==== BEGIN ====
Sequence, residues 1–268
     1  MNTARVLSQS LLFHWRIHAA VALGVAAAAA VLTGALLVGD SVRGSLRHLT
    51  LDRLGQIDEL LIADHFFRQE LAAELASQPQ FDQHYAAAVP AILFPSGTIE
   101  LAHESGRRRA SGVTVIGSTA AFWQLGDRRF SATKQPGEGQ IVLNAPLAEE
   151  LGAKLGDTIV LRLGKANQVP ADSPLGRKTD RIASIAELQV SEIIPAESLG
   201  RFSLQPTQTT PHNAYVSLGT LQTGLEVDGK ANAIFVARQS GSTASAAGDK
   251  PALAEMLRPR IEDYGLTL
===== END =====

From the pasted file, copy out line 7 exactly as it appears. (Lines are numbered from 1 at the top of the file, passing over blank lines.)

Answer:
   251  PALAEMLRPR IEDYGLTL